Geosciences Salaries Rising

A new studyfrom the American Geosciences Institute shows that salaries in Geoscience related jobs are up, way up in some occupations.

Researchers Leila M. Gonzales and Heather Houlton, a 2010 Purdue Earth, Atmospheric, and Planetary Sciences masters graduate, averaged 2011 salaries of managers, architects, engineers and teachers in various fields and compared them withthose in the geosciences.

For example, the average scientist in the life, physical and social sciences made $59,000, according to the report, while geoscientists made $84,000 on average. Environmental scientists brought in $63,000 and hydrologists made $76,000.

“There is a very high demand for geoscientists,” stated Houlton, whose American Geosciences Institute office is located in Alexandria, Va. “Overall, there is a much higher demand for skilled geoscience professionals than we can supply. Thus, high salaries can be attributed to the function of market demand.“

Overall, the study found that geoscience-related management occupations were 24 to 32 percent higher than salaries for all management occupations while geoscience-related engineering occupations outpaced salaries for all architecture and engineering occupations by as much as 70 percent. Atmospheric and Space Scientists made 51 percent more than their life, physical and social science counterparts.

A graduate of the Department of Earth, Atmospheric, and Planetary Sciences, Houlton said geoscientists are needed everywhere, even Wall Street and Hollywood: “You need geoscientists who can evaluate the technical veracity of an investment but who can also communicate with the finance community so they can properly assess the risk and return of an investment. The market sets prices naturally, but we need the technical expertise of geoscientists to provide guidance and information if an investment opportunity isn't really what it appears. Another example is working in the entertainment industry — when science fiction TV shows or films are produced, they oftentimes hire geoscientists to help create believable and ‘realistic’ worlds for their sets. They also strive to include accurate scientific knowledge for the script.”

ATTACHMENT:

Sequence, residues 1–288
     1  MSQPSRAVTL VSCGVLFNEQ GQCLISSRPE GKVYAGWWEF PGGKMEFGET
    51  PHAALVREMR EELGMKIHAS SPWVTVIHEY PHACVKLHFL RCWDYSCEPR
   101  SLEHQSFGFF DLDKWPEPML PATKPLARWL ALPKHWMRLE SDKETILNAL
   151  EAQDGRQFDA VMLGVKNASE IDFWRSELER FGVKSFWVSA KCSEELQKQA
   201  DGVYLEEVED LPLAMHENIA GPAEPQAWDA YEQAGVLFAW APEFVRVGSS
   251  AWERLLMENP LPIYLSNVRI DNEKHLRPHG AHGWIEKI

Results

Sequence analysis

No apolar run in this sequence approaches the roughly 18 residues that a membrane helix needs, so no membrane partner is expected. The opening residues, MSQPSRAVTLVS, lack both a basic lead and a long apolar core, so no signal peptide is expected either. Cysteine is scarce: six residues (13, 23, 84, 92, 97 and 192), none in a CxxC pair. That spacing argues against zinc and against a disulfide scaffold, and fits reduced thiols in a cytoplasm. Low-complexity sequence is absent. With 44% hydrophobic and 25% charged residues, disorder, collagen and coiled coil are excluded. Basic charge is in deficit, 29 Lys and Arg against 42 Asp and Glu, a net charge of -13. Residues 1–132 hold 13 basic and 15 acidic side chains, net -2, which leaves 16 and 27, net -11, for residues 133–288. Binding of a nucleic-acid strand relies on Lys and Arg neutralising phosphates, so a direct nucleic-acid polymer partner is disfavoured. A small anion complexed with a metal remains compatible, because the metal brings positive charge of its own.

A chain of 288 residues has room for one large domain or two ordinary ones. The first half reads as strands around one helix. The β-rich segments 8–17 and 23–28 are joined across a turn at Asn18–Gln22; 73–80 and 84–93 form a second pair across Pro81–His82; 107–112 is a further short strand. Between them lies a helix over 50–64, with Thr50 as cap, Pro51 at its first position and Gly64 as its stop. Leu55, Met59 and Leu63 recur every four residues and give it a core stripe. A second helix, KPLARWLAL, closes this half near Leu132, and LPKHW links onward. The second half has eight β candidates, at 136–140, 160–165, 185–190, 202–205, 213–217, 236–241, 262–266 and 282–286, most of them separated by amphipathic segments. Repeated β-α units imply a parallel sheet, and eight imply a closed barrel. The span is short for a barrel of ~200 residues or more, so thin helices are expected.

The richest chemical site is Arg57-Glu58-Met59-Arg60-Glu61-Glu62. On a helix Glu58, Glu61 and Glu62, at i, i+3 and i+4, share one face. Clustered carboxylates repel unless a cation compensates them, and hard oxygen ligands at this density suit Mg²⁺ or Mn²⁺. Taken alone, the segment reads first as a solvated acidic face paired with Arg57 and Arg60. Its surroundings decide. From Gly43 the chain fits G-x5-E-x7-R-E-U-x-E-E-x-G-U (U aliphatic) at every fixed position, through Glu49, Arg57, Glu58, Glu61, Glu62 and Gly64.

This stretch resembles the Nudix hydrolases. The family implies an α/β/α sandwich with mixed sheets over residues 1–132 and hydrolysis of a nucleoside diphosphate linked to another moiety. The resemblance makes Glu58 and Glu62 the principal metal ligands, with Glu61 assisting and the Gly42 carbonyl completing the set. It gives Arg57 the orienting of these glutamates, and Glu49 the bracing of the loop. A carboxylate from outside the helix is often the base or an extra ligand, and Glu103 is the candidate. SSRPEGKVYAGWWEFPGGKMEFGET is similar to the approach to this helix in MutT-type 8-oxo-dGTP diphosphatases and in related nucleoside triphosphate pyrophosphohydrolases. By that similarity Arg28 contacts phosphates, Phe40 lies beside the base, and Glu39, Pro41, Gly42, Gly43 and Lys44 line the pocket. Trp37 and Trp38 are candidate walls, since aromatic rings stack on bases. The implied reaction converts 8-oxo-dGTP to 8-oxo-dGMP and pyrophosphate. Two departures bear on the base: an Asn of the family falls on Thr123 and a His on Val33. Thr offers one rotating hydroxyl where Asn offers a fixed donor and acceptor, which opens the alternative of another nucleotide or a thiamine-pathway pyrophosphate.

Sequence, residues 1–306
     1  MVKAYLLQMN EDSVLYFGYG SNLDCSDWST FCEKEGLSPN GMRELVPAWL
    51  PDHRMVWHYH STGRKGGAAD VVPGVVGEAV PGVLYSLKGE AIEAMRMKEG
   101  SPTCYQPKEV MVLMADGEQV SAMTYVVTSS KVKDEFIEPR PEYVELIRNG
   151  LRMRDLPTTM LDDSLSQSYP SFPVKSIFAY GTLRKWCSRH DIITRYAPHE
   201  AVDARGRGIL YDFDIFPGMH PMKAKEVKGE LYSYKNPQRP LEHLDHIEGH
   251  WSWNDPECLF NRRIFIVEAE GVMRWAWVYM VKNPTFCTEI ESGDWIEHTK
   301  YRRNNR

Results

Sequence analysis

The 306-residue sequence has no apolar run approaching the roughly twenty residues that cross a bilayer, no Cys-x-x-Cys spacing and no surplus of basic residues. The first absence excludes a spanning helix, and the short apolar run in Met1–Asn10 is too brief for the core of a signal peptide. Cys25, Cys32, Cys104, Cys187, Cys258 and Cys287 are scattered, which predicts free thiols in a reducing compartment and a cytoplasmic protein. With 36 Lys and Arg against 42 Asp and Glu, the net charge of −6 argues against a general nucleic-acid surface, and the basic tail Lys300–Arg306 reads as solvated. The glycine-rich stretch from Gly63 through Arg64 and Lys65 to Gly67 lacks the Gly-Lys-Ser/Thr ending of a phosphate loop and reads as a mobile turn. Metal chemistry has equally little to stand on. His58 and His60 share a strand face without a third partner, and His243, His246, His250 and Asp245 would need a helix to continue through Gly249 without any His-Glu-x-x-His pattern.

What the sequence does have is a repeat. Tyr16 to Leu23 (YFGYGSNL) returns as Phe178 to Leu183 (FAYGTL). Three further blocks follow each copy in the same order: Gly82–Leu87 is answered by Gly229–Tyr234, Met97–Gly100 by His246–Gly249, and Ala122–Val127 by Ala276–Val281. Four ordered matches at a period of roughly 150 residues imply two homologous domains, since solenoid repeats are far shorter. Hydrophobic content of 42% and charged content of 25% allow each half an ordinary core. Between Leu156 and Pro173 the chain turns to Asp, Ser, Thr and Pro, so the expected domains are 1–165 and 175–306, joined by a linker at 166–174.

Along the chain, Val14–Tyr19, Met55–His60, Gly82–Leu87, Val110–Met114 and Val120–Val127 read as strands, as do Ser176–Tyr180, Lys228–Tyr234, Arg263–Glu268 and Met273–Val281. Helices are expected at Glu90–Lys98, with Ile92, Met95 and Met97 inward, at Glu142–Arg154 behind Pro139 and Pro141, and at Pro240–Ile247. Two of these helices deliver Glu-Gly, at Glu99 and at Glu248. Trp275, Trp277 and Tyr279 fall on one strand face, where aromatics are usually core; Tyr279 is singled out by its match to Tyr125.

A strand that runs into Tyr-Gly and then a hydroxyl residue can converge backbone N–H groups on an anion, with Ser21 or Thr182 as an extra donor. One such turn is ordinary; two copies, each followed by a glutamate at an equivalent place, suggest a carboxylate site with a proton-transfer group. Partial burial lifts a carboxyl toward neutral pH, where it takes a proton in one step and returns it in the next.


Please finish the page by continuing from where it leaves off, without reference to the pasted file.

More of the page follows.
Other high profile — and good-paying — jobs that Houlton examined included meteorologists for the National Weather Service and various positions with oil and gas companies.

Houlton was happy to report that there are geosciences jobs out there but like many occupations, it’s a competitive field.

“It is highly competitive because new hires have to have the content knowledge, the experience and quantitative skills necessary to solve real world problems,” she said. “There is a great amount of ‘application’ in the geosciences. You have to take your content knowledge, your field skills — whether those are for field mapping, computer modeling or lab work — and your quantitative skills and apply them to create solutions that have not been developed before that solves very complex problems. Finding the quality of professionals who can effectively do this makes it competitive. Unfortunately, we are looking at a huge problem in meeting that demand.”